Nov
14
2010

 

This is a general outline of how to utilize HTML5 Canvas to do animation using the traditional cell-animations, aka: image-strips.
Here’s the image that I am using for this example; as you can see, it consists of 8 frames of equal width. It’s an animation of someone walking, shows in a top-down view.

To draw each frame, we need to ‘slice’ this image and cycle through each frame. For this example, I am looping the animation infinitely. This tutorial only covers the basic, so if you are making other application such as games, you will need to write more code control the animation.

Below is how the animation in our example looks like (if you don’t the the animation, make sure that you are using a HTML5 compliant browser). Tested on Windows with the latest version of Chrome and Firefox (Internet Explorer 9 is not supported).

As always there are many ways to accomplish this. For instance, A) you can draw each frame on its own canvas or B) you can draw the image on the same canvas. Technique A) is useful if you are going to reuse the animation in several places. This is conceptually
more elegant (you can throw out the original image and works with just canvas) and it is faster in most cases. Technique B) requires less steps and requires less amount of memory. Another approach will be to scan the image to look for cell-borders — this requires the source image to have markers, such as below.

For this example, Technique B is used. The gist of the technique is to draw portion of the image using drawImage function of CanvasContext.

There are severeal versions of this function but we will be using this version because this version allows drawing only portion of a source image onto the canvas:

[c]
drawImage(image, sx, sy, sw, sh, dx, dy, dw, dh)
[/c]

More reference: http://www.whatwg.org/specs/web-apps/current-work/multipage/the-canvas-element.html

The prefix s indicates source and d indicates destination, so sx is the source x position, sy is the source y position.

sw and sh are short for sourceWidth and sourceHeight, or the dimensions of the portion of the image that you want to draw.

The parameters prefixed with “d” have the same meanings. Notice in this example that dw and dh will always be the same as sw and sh unless we want to scale the image.

To make the code more extensible, this example is encapsulated in a class named CanvasAnimation. This class handles the loading of the image and drawing the appropriate frame. The timing is controlled by a timer using setInterval().

[c]
	function CanvasAnimation(imageFilename, numberOfFrames, onReadyCallback)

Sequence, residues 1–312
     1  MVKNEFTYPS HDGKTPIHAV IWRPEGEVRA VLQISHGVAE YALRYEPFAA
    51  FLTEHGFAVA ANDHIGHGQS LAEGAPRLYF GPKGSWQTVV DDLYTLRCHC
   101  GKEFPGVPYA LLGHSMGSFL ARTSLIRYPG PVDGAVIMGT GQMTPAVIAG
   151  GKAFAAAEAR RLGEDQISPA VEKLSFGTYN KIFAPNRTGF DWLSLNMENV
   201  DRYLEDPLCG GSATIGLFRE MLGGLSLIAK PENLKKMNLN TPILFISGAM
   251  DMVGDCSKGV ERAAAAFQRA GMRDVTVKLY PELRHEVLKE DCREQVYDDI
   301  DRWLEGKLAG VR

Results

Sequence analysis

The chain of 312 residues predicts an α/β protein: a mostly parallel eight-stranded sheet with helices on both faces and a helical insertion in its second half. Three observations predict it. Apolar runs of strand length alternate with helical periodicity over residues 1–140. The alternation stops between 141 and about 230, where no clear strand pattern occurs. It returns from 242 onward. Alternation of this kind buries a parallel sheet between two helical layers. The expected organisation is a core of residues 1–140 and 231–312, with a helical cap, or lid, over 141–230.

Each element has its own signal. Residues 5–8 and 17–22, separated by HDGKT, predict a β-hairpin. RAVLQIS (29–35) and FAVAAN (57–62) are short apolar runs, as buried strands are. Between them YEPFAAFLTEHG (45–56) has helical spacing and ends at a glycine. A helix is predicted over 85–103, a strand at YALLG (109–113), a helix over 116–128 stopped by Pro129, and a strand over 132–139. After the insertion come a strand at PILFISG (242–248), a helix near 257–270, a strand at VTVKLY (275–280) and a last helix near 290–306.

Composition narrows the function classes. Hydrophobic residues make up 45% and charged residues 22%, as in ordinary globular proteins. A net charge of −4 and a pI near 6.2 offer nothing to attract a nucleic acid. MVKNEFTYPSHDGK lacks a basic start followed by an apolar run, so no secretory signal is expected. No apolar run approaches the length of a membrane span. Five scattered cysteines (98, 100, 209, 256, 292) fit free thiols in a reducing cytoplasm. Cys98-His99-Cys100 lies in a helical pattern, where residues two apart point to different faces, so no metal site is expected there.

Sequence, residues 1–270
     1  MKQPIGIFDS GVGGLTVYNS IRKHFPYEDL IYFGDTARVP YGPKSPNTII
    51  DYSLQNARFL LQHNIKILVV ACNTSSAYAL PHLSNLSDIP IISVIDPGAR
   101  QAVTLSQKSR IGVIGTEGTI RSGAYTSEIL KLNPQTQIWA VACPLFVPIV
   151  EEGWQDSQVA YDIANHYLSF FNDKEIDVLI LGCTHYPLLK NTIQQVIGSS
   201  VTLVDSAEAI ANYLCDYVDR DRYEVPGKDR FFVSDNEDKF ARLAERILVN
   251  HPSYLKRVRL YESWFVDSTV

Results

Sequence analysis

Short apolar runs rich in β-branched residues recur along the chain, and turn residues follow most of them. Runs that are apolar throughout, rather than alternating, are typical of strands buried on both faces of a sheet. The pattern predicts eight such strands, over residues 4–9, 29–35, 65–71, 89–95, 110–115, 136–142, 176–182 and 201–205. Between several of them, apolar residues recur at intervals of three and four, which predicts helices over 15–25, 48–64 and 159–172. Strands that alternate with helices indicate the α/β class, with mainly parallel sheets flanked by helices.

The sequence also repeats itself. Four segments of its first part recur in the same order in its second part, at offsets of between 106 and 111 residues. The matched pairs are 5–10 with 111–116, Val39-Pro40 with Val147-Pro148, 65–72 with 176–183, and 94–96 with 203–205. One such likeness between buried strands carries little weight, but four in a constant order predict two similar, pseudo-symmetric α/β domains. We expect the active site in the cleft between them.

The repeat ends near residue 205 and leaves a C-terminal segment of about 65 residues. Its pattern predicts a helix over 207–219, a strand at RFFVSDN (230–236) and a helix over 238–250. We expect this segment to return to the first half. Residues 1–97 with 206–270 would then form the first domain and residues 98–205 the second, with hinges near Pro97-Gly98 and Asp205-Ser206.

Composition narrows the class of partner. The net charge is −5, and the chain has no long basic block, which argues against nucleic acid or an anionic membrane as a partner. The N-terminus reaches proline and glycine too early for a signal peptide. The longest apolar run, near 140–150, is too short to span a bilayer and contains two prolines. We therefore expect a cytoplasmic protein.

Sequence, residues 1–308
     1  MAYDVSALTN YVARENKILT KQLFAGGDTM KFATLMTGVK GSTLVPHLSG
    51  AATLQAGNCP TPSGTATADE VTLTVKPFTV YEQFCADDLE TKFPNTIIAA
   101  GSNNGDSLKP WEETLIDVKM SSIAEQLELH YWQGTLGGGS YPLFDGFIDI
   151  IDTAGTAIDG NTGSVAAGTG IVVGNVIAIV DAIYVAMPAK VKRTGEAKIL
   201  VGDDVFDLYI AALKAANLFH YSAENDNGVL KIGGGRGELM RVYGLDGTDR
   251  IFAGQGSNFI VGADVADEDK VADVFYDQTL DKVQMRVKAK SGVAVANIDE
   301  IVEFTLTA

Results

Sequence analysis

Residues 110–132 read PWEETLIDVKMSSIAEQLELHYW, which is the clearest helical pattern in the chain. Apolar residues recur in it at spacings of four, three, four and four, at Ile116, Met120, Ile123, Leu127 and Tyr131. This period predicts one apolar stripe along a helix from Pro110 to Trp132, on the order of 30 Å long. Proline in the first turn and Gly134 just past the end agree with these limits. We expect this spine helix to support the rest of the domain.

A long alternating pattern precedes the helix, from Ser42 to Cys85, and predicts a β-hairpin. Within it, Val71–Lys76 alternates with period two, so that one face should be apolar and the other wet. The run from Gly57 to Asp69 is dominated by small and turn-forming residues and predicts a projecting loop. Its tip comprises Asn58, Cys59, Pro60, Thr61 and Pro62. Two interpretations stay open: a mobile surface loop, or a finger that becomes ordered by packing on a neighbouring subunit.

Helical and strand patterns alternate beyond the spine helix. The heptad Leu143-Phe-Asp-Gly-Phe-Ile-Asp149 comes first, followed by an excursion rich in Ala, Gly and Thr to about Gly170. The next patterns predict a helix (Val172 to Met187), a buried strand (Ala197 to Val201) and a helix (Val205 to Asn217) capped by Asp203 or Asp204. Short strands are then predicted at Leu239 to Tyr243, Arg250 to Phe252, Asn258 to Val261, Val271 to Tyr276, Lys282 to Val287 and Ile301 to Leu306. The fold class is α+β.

{
		// Associate functions with class
		CanvasAnimation.prototype.draw=draw;
		CanvasAnimation.prototype.animate=animate;
		CanvasAnimation.prototype.getCanvas=getCanvas;	
		
		// Create a blank canvas for drawing
		this.canvas=document.createElement("canvas");	
		this.canvasContext=this.canvas.getContext("2d");
		
		// This variable is needed because the code doesn't know how many frames are in the image 
		this.numberOfFrames=numberOfFrames;
		this.currentFrame=0;

		// Create image object and load the image file into it
		this.image=new Image();
		
		// Set a callback to start animating after the image is loaded
		this.image.onload=onReadyCallback(this);		
		this.image.src=imageFilename;
		
		function animate()
		{
		
			this.currentFrame++;
			if (this.currentFrame>=this.numberOfFrames)
				this.currentFrame=0;
			this.draw(0,0);
		}
		
		function draw(x, y)
		{
			var frameWidth=this.image.width/this.numberOfFrames;
			var frameHeight=this.image.height;
			var xOffset=frameWidth*this.currentFrame;
			this.canvasContext.clearRect(0,0,this.canvas.width, this.canvas.height); 
			this.canvasContext.drawImage(this.image, xOffset, 0, 
				frameWidth, frameHeight, 
				0, 0, frameWidth, frameHeight);
		}
		
		function getCanvas()
		{
			return this.canvas;
		}
	}	

	// This function is called when the image has load.
	function onReadyCallback(canvasAnimationObject)
	{
		// I am placing the animation into this div
		var divElement=document.getElementById("animationDiv");
		divElement.appendChild(canvasAnimationObject.getCanvas());

		// Fire up the timer to start the animation.
		setInterval("testAnimationLoop()",50);
	}
	
	function testAnimationLoop()
	{
		myAnimation.animate();
	}

	// Create the animation	
	var myAnimation=new CanvasAnimation("walk.gif", 8, onReadyCallback);

[/c]

The portion of the code to pay attention to is the draw() function. Here we locate the portion of the image that the current frame by dividing the image width and the current frame to get the xOffset.

Also, I am using a transparent image so I need to clear the canvas everytime a new frame is drawn, using clearRect()

[c]

		function draw(x, y)
		{
			var frameWidth=this.image.width/this.numberOfFrames;
			var frameHeight=this.image.height;
			var xOffset=frameWidth*this.currentFrame;
			this.canvasContext.clearRect(0,0,this.canvas.width, this.canvas.height); 
			this.canvasContext.drawImage(this.image, xOffset, 0, 
				frameWidth, frameHeight, 
				0, 0, frameWidth, frameHeight);
		}
[/c]

You can check out the example code here:
http://www.permadi.com/tutorial/html5-canvas-animation/html5-canvas-animation.html

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